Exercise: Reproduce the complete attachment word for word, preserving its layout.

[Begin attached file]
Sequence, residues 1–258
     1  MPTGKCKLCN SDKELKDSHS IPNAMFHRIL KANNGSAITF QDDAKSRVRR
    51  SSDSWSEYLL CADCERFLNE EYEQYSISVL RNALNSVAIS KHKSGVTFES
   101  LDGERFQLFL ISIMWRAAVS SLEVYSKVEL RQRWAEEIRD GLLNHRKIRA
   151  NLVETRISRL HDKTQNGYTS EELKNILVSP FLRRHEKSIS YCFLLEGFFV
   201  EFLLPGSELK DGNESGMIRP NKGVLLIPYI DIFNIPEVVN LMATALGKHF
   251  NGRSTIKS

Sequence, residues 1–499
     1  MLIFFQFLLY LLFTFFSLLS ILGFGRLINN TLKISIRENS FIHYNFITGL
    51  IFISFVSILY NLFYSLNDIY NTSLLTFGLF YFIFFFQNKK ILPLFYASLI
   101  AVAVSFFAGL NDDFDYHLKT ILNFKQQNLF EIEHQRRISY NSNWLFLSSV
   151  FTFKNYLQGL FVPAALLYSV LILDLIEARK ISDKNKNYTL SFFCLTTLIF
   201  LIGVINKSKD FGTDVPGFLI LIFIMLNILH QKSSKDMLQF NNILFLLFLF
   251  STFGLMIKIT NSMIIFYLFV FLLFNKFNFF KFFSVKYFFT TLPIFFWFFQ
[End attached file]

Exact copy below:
Sequence, residues 1–258
     1  MPTGKCKLCN SDKELKDSHS IPNAMFHRIL KANNGSAITF QDDAKSRVRR
    51  SSDSWSEYLL CADCERFLNE EYEQYSISVL RNALNSVAIS KHKSGVTFES
   101  LDGERFQLFL ISIMWRAAVS SLEVYSKVEL RQRWAEEIRD GLLNHRKIRA
   151  NLVETRISRL HDKTQNGYTS EELKNILVSP FLRRHEKSIS YCFLLEGFFV
   201  EFLLPGSELK DGNESGMIRP NKGVLLIPYI DIFNIPEVVN LMATALGKHF
   251  NGRSTIKS

Sequence, residues 1–499
     1  MLIFFQFLLY LLFTFFSLLS ILGFGRLINN TLKISIRENS FIHYNFITGL
    51  IFISFVSILY NLFYSLNDIY NTSLLTFGLF YFIFFFQNKK ILPLFYASLI
   101  AVAVSFFAGL NDDFDYHLKT ILNFKQQNLF EIEHQRRISY NSNWLFLSSV
   151  FTFKNYLQGL FVPAALLYSV LILDLIEARK ISDKNKNYTL SFFCLTTLIF
   201  LIGVINKSKD FGTDVPGFLI LIFIMLNILH QKSSKDMLQF NNILFLLFLF
   251  STFGLMIKIT NSMIIFYLFV FLLFNKFNFF KFFSVKYFFT TLPIFFWFFQ